This finding speaks to a somewhat controversial remark made by former taoiseach, Enda Kenny in the Dáil in 2017, when he said: "No nuns broke into our homes to kidnap our children. We gave them up to what we convinced ourselves was the nuns' care.
"We gave them up maybe to spare them the savagery of gossip, the wink and the elbow language of delight in which the holier than thous were particularly fluent. We gave them up because of our perverse, in fact, morbid relationship, with what is called respectability."
In response, the Independent TD for Galway West, Catherine Connolly, directly addressed Mr Kenny, and said: "What is shocking to the survivors, and to me, is the carefully crafted words that you've come into the chamber with.
"And, in particular, that you say 'no nuns broke into our homes to kidnap our children', 'we gave them up to what we convinced ourselves was the nuns' care' and so on. I don't doubt your bona fides, but I certainly doubt your judgment in reading that out, a carefully crafted speech with a sentence like that in these circumstances."
Mother and Baby Homes have existed in Ireland since the foundation of the State in 1922 and continued in operation up to 1998, that is, for a longer period than anywhere else such homes existed around the world. The use of homes peaked in Ireland the 1960s and early 1970s, at a time when the Catholic Church exerted enormous influence.
The commission finds that the women who ended up in these homes were often victims of physical abuse, domestic abuse and rape, and once in the homes, were expected to scrub floors and stairs, often as a form of punishment.
What many will find deeply shocking is the very high infant mortality rate in the institutions: I understand the commission finds that 9,000 or one in seven of all Mother and Baby Home children died; and that up to 60,000 single mothers and a similar number of children went through the homes investigated.
There have been credible claims that many such homes were used as sources for illegal domestic and foreign adoptions, with children trafficked to the United States. However, I understand that the commission report finds allegations that institutions were paid to arrange foreign adoptions impossible to prove, or disprove, a finding which may come as a disappointment to some.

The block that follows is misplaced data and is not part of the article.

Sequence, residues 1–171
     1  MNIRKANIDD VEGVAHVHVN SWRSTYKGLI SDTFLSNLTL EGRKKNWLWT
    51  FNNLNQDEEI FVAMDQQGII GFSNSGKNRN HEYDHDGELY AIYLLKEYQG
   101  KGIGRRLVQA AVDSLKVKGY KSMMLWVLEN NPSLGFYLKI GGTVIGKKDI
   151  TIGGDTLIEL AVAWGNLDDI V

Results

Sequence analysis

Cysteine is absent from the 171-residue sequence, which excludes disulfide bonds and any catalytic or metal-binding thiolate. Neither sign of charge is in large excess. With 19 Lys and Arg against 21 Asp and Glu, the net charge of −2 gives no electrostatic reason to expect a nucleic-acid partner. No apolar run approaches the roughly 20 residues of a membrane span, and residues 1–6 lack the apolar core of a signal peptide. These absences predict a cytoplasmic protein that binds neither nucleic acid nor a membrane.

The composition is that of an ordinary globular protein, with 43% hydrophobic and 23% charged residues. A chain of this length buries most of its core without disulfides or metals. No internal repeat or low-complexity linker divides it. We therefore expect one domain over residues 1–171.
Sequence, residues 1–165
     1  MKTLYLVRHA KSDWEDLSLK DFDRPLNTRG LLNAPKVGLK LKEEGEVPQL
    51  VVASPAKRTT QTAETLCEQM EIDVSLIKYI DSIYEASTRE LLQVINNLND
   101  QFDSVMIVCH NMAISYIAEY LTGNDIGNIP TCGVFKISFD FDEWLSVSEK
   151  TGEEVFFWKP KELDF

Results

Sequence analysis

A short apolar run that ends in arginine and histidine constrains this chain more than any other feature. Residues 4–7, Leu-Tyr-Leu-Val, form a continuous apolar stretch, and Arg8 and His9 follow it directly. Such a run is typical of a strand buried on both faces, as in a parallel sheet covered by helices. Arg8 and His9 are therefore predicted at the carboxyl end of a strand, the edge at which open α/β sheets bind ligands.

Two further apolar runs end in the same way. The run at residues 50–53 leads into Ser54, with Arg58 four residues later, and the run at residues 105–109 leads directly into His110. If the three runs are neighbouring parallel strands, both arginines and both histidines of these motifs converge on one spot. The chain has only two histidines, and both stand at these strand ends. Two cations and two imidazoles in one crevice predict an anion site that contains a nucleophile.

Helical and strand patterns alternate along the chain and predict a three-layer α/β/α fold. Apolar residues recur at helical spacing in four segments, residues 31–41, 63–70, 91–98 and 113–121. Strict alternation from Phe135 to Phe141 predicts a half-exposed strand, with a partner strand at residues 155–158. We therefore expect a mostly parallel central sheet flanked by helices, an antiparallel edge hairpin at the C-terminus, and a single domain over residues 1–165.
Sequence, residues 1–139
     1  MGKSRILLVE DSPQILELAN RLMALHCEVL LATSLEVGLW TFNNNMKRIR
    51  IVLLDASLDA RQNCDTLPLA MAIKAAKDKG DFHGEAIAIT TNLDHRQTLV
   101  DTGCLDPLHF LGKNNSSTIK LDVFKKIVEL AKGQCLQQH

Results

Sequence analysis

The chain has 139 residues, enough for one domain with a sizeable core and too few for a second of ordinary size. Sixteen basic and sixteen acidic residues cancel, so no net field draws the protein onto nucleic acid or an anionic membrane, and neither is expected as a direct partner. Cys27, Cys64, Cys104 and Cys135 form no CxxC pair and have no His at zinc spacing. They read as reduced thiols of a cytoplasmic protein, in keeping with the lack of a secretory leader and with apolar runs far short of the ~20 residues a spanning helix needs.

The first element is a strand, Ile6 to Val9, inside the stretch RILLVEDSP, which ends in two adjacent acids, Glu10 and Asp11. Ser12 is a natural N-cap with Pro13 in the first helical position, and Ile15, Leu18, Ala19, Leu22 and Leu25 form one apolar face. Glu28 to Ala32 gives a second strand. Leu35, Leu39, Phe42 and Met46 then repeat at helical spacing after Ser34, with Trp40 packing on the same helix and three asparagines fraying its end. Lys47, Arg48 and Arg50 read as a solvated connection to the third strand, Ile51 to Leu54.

As part of its investigations, the commission ordered excavations of the suspected burial site in Tuam to be carried out.
In March 2017, it was announced that multiple human remains had been found during excavations carried out between November 2016 and February 2017 at the site.
Tests conducted on some of the remains indicated they had been aged between 35 foetal weeks and two to three years.
The announcement confirmed that the deceased died during the period of time that the property was used by the Mother and Baby Home, not from an earlier period - as most of the bodies dated from the 1920s to the 1950s.
The remains were found in an "underground structure divided into 20 chambers". At the time, the commission said "it had not yet determined what the purpose of this structure was but it appeared to be a sewage tank".
The commission had also not yet determined if the chambers were ever used for this purpose, but stated that it was continuing its investigation into who was responsible for the disposal of human remains in this way, and that it had notified the coroner.
I have been unable to establish what, if anything, the commission final report finds on this issue. However, I understand that the Minister for Children is bringing a memorandum to Cabinet on Tuesday on a bill to allow for dignified reburial at the Tuam site.
What will be undoubtedly clear from publication of the 3,000-page report is that the work of Catherine Corless and the advocacy of others, not least the former children's minister, Katherine Zappone, has shed a great light on an extended and shameful period in Ireland's social history, up to relatively recent times. Whether these people will be satisfied with the report will be known this week.
An apology by the State will be welcomed, however.
The Mother and Baby Homes specified in the Commission of Investigation terms of reference
- Árd Mhuire, Dunboyne, Co Meath
- Belmont (flatlets), Belmont Avenue, Dublin 4
- Bessboro House, Blackrock, Cork
- Bethany Home, originally Blackhall Place, Dublin 7 and from 1934, Orwell Road, Rathgar, Dublin 6
- Bon Secours Mother and Baby Home, Tuam, Co Galway
- Denny House, Eglinton Road, Dublin 4 (originally Magdalen Home, 8 Lower Leeson St, Dublin 2)
- Kilrush, Cooraclare Road, Co Clare
- Manor House, Castlepollard, Co Westmeath
- Ms Carr's (flatlets), 16 Northbrook Road, Dublin 6
- Regina Coeli Hostel, North Brunswick Street, Dublin 7
- Sean Ross Abbey, Roscrea, Co Tipperary
- St Gerard's, originally 39 Mountjoy Square, Dublin 1
- St Patrick's Mother and Baby Home, Navan Road, Dublin 7 (originally known as Pelletstown, subsequent transfer to Eglinton House, Dublin 4)
- The Castle, Newtowncunningham, Co Donegal
State-operated County Homes:
- St Kevin's Institution (Dublin Union)
- Stranorlar County Home, Co Donegal (St Joseph's)
- Cork City County Home (St Finbarr's)
- Thomastown County Home, Co Kilkenny (St Columba's)